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That night was… weird. Not necessarily bad , but definitely weird.

Aizawa convinced Yagi to eat a few of the dry food pellets, however unwillingly, so that he could feed him his pain meds. The bunny seemed more comfortable once they kicked in: his breathing wasn’t as strained, and he was content to follow Himawari or Aizawa around the apartment, ambling at their heels and nudging things curiously with his nose. By comparing Yagi’s behaviors to the bunny care pdf, Aizawa determined that Yagi’s body language was a great deal more relaxed now. That was a good sign, at least.

Eventually the teacher gave up on paperwork in favor of getting a few hours of sleep, resolving to take tomorrow’s problems as they came. It wasn’t an attitude he took on often– usually he was more proactive than this– but after the night he’d had, he could be forgiven. He straightened up his apartment instead, gathering Yagi’s clothes and putting them in a shopping bag to be washed later. Himawari was fed, albeit several hours late, but she turned her nose up at it anyway. The teacher shoved both Himawari’s bowl and the takeout in the fridge, though the food in the bags was probably stale by now. He was hungry enough not to care as he dug out a cold box of stir fry and collapsed at the kitchen table to shovel it down.

To his surprise, Yagi jumped up on the kitchen chair next to him. The hero paused mid-chew to raise an eyebrow at the bunny, who was watching him intently, glancing from the takeout box to his face and back.

“What do you want now?” he muttered around the food in his mouth. Yagi, to his credit, made his desire very clear by hopping over, stepping up on Aizawa’s lap, and sticking his nose directly into the stir fry. The man jerked the box up in the air with an indignant cry.

Hey ! Stop that! This isn’t for you, aren’t bunnies supposed to eat carrots or lettuce or some shit? I fed you and you weren’t hungry!”

Yagi just thumped his back leg on the chair as in protest. Aizawa fidgeted. He had to admit it felt weird, giving Yagi pellets that were advertised as ‘Extra Fiber for the Healthy House-Rabbit!’. Aka, pet food. The whole ‘man in a rabbit’s body’ thing was tripping him up again.

He glanced at the stir fry thoughtfully, then pulled out his phone with a grumble.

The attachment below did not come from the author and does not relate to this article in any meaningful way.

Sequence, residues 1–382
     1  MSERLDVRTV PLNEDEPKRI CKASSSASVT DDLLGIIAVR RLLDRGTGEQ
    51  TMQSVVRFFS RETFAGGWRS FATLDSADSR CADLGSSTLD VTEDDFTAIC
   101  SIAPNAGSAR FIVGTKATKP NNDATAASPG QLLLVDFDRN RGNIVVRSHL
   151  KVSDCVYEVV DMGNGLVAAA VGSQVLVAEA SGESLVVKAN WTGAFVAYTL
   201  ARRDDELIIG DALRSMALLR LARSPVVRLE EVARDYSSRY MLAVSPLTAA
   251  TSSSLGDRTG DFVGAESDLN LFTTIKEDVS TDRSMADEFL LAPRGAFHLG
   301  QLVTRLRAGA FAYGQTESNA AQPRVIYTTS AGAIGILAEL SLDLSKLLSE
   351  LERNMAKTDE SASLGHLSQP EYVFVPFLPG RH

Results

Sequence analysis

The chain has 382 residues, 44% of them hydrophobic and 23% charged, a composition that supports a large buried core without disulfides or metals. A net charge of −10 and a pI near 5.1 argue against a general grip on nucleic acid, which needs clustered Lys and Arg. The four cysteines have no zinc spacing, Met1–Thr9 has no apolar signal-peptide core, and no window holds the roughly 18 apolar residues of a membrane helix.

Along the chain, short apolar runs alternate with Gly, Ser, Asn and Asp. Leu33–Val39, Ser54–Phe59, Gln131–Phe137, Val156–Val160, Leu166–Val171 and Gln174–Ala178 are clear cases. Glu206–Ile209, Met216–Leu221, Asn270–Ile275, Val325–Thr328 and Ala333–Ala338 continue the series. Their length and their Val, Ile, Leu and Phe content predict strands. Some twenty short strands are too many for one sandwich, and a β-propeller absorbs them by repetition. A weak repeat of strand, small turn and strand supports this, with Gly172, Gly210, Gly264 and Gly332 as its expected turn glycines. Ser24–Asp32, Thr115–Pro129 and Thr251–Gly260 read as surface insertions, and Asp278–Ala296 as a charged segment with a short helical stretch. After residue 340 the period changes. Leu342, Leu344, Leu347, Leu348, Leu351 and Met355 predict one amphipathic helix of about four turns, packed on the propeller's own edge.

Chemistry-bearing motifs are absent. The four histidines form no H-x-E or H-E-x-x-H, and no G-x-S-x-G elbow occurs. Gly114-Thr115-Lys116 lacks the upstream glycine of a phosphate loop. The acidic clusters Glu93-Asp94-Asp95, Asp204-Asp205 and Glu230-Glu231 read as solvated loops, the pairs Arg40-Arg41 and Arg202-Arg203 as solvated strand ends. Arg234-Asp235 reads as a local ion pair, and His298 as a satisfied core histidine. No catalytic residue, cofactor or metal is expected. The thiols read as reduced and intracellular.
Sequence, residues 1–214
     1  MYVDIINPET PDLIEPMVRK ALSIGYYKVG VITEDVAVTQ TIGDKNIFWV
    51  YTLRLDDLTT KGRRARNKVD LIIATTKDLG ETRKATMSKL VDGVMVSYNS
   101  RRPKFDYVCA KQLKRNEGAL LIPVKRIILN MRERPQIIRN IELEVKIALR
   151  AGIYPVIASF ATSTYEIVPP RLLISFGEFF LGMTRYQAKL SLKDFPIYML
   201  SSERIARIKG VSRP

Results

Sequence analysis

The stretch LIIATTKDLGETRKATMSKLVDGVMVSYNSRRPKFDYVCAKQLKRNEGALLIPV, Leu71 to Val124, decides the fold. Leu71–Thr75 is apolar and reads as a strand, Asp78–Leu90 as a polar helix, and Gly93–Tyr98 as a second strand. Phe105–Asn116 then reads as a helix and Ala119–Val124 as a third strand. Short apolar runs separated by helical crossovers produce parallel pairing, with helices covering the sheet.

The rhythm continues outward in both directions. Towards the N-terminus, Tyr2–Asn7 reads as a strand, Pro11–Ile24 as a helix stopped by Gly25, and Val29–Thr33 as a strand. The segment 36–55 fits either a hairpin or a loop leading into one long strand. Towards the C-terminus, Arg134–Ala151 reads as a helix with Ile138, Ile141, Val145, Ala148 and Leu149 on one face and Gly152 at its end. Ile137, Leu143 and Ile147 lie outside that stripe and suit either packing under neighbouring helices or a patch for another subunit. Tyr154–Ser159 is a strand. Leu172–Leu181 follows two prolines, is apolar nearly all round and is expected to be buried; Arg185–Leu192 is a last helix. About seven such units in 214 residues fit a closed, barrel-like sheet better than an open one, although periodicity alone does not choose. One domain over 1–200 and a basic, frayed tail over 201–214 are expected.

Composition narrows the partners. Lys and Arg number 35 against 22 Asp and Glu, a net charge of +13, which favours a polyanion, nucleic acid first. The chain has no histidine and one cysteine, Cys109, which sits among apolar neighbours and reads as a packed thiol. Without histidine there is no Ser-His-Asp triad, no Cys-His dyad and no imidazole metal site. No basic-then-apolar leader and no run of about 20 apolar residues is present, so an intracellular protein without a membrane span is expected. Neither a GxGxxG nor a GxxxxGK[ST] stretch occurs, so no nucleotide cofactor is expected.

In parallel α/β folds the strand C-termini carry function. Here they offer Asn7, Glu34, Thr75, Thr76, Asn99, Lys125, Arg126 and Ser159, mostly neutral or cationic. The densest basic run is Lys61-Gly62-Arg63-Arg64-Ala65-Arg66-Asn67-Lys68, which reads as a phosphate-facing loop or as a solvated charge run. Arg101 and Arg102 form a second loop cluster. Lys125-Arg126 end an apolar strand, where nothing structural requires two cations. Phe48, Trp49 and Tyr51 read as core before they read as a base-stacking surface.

“Alright alright, so you’re hungry but no food pellets… let’s see what you can have, then.”

Yagi greeted the delay with irritable thump of his hind leg, but Aizawa just shot him a glare.

“What, do you know the insides and outs of what rabbits can and can’t have? No? I didn’t think so. Just gimme a minute, jeez…”

So, after reviewing which vegetables were and weren’t okay (and if a high sodium content was bad for rabbits, because damn did this takeout place put a lot of salt in their food) he got back up and pulled out another box of stir fry. It was the one he’d ordered for Yagi in the first place, which consisted mostly of white rice, a little bit of sauce on the side, and plain steamed vegetables anyway. It was just a question of picking the veggies out, shaking off the rice grains, and putting them on a plate. They looked kinda sad and limp, but Aizawa literally only had beer, takeout, and jelly packs in his fridge, so it was the best he could do for now. Grumbling, the hero put the plate down on the table in front of Yagi’s chair, since making him eat off the floor was just as weird if not weirder than the food pellets. The rabbit (who was very long, even if he was terribly skinny), stood on his hind legs and rested his front paws on the table so he could nibble at the food. From there the pair ate in companionable silence.

To Aizawa’s surprise, the bunny scarfed all of his dinner down even before the famished teacher did. But then again, it made a strange kind of sense. Yagi had a stomach again for the first time in eight years, even if the circumstances were less than ideal. Of course he’d want to eat to his heart’s content.

Aizawa glanced at the bunny, who was crouched in a loaf on the chair looking very pleased with himself, and then wordlessly held out a piece of teriyaki-fried bean sprout in his chopsticks. Yagi blinked at him and if a rabbit could look surprised, this one did. The teacher just shrugged.

“Steamed vegetables are gross. I’ll hit the grocery store tomorrow to get some proper food for you, but in the meantime, a little treat won’t hurt, right?”

Again. If a rabbit could beam, this one did. He gingerly took the bean sprout, munching it down in seconds. He then made a strange sort of purring noise, which started Aizawa enough that he looked at his pdf guide to see what that particular sound meant. He didn’t know rabbits could purr. He learned, after a moment or two of searching, that the purring noise was actually Yagi grinding his teeth together, and it was a sign of general contentment or pleasure, usually linked to food. He huffed a single, quiet laugh at this.